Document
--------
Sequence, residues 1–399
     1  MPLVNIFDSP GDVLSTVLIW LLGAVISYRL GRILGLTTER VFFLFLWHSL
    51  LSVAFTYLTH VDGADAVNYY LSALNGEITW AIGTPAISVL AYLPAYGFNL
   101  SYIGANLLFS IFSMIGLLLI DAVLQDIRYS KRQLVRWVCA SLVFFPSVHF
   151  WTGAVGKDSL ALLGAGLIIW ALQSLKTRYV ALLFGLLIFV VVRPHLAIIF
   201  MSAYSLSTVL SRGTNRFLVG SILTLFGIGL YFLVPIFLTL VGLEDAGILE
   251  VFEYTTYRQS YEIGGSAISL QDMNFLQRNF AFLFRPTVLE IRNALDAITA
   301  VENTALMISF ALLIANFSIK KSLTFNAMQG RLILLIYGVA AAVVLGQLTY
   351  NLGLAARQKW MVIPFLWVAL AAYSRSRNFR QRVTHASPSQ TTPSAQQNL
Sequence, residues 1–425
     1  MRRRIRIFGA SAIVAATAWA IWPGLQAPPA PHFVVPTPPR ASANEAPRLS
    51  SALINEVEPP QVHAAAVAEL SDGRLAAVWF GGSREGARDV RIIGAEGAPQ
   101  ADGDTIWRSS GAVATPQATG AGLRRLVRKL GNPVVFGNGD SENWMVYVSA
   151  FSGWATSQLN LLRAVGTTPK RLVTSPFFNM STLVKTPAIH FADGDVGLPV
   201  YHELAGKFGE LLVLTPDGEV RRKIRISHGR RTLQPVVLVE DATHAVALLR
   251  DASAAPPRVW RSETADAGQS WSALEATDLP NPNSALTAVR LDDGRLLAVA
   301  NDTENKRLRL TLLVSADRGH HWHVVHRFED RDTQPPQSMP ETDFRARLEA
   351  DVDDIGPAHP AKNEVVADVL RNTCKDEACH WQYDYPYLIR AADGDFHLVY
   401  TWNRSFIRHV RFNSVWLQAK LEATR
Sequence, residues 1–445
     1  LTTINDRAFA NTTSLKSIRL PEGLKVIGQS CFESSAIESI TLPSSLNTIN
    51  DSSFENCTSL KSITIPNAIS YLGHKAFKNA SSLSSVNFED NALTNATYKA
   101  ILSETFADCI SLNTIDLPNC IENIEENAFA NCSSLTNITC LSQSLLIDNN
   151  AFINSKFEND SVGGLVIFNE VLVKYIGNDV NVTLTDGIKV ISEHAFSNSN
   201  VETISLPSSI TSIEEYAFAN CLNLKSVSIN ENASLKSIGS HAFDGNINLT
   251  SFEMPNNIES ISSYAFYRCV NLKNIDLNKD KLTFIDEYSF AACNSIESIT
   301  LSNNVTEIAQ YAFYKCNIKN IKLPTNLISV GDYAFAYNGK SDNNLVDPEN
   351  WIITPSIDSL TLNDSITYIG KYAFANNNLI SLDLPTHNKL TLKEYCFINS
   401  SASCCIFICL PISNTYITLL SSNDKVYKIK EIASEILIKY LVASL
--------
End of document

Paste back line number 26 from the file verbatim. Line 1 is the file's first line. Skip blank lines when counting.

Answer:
   251  SFEMPNNIES ISSYAFYRCV NLKNIDLNKD KLTFIDEYSF AACNSIESIT